Half of the people who start a new exercise program will drop out before they hit the 6 week mark. This statistic is particularly concerning for people suffering from the pain and immobility brought on with arthritis. The less an arthritic joint is used, the more immobile it becomes. The more immobile the joint becomes, the less it is used. I had a very frustrating front row seat to this downward spiral as I watched my aunt’s world shrink to the periphery of her living room chair as the arthritis in her spine stole her physical freedom. Yoga is strong medicine for people facing a future similar to my aunt’s. In large part due to its holistic approach to improving not only the body but also the mind, practitioners tend to stay with their yoga practice over their lifetime. It is this potential that gives yoga the greatest possibility for improving and preventing chronic disease.
When I started teaching yoga for seniors, I fully expected I would be working with people facing conditions similar to my aunt’s. However, over my years of teaching, I’ve been surprised by the number of students in their 30s and 40s that have approached me after being diagnosed with arthritis. Yoga, in general, is one stop shopping for people with chronic health issues such as arthritis. A regular yoga practice offers patients an improved quality of life, increased strength, flexibility and balance, enhanced immune system, cardiovascular conditioning, emotional and mental steadiness.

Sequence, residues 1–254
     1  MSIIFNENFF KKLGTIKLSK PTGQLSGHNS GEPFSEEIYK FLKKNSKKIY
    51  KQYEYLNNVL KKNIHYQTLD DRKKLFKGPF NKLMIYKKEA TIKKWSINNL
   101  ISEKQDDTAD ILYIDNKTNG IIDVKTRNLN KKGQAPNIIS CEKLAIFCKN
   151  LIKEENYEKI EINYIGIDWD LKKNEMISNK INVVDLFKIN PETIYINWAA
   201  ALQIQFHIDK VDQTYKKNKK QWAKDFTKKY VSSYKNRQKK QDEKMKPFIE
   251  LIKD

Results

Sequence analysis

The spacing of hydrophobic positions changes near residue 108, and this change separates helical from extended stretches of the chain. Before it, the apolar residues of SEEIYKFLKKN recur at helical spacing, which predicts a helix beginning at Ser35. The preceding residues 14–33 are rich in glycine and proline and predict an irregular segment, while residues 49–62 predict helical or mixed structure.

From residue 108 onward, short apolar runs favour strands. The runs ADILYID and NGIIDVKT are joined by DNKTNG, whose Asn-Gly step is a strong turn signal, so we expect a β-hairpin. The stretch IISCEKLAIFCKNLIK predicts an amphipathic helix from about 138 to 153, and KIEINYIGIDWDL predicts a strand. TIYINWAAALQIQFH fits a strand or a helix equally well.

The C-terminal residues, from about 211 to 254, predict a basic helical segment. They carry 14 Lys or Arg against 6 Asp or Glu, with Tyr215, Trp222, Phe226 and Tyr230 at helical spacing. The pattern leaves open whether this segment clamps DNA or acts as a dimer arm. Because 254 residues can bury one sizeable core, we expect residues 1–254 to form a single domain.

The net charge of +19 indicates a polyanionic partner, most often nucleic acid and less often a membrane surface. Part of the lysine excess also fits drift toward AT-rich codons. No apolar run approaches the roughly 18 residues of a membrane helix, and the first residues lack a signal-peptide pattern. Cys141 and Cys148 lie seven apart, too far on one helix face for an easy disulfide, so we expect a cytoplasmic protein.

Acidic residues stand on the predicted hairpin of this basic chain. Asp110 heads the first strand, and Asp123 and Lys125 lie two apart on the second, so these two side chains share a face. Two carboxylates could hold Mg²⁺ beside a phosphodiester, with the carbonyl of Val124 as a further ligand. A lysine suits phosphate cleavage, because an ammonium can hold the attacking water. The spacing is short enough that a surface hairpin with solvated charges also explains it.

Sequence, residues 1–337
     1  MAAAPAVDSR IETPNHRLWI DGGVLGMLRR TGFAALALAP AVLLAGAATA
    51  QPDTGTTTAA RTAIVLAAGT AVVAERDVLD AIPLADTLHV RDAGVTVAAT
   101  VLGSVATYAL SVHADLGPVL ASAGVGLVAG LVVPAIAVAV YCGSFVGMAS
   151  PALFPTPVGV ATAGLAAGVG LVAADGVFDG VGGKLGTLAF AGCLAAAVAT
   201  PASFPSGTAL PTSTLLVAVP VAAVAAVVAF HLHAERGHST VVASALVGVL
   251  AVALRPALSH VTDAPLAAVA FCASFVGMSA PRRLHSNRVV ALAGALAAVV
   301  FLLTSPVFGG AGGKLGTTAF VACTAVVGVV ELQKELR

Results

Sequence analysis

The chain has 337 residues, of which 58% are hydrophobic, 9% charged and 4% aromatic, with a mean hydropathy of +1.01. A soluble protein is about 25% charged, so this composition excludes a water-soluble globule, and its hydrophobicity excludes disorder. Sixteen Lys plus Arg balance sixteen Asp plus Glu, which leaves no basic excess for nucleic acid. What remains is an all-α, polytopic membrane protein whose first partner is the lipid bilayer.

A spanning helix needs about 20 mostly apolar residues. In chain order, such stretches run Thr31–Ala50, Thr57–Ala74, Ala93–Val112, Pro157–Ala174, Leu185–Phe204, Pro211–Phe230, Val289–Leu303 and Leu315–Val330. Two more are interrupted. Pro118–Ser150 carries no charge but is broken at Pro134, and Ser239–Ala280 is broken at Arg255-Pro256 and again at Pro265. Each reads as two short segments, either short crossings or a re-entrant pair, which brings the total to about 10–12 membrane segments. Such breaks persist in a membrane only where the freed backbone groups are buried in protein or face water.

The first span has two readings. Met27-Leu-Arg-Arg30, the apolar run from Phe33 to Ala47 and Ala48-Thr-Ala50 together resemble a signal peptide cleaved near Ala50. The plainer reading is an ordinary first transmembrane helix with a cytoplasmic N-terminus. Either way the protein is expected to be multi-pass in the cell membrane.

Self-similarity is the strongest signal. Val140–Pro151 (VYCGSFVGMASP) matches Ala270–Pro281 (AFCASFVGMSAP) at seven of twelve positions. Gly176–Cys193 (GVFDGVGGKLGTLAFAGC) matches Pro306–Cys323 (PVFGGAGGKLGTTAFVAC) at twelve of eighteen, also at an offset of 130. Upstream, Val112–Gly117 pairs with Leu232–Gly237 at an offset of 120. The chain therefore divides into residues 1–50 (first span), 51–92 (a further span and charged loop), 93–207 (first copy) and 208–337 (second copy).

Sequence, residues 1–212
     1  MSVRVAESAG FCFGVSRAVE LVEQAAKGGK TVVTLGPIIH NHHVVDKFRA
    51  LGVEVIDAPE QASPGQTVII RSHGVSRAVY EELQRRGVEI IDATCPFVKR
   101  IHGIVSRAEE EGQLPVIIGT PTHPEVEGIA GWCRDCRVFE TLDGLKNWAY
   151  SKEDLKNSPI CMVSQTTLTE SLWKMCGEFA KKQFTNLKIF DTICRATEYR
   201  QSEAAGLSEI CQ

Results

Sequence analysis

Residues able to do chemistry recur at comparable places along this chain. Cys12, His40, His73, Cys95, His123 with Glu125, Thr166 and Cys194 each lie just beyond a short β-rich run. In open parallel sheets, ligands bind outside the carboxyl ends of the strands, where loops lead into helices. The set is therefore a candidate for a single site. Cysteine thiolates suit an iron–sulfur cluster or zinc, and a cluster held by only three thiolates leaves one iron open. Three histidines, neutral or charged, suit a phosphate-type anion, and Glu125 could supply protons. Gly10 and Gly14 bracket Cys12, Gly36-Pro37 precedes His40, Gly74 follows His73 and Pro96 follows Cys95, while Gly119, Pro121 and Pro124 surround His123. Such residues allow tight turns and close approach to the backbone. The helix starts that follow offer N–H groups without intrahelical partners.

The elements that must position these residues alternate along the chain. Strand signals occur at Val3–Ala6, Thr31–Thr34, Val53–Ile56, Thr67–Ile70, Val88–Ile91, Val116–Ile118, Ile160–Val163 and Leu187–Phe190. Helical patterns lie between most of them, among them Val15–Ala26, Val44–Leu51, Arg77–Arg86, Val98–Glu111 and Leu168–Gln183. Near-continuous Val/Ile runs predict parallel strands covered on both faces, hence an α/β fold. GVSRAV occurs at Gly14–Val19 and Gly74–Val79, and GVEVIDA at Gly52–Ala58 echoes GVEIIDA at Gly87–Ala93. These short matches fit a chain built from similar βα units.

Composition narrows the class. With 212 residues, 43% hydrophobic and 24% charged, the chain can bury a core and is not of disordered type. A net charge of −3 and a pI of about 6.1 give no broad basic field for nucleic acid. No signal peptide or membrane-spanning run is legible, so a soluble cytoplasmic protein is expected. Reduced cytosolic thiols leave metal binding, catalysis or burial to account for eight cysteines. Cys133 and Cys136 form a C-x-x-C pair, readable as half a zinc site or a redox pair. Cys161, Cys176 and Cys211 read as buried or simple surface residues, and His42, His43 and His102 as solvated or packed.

There are four different styles of yoga that I have found particularly helpful in improving the state of affected joints, enabling patients to reduce and sometimes eliminate their dependence on drugs, often avoid surgery, and in general improve their outlook. Where surgery is a medical necessity, these yoga styles offer a comprehensive recovery plan and a holistic approach to the prevention of future decline. In addition many patients, in an unconscious reaction to arthritic pain, will start to hold their bodies in ways that create imbalance, muscle tension and compound future problems. A yoga practice of any style enhances your awareness of how you sit, stand and move your body so that your joints are properly aligned and muscle strain is corrected. Combining three or four of these styles can offer the greatest physical and emotional benefits.
B.K.S. Iyengar initially came to yoga because he suffered from numerous chronic ailments. After studying yoga, and significantly improving his own health, Iyengar developed a self named style of practice that uses blocks, blankets, pillows and straps to modify poses. The ample use of props, and the slower pace of an Iyengar practice, make this style very accessible for students with restricted mobility and limited flexibility. Emphasis is placed on the very specific alignment of muscles and bones in each pose. This is especially useful where misalignment, poor posture and damaging movement habits have exacerbated the erosion of the cartilage that cushions joints.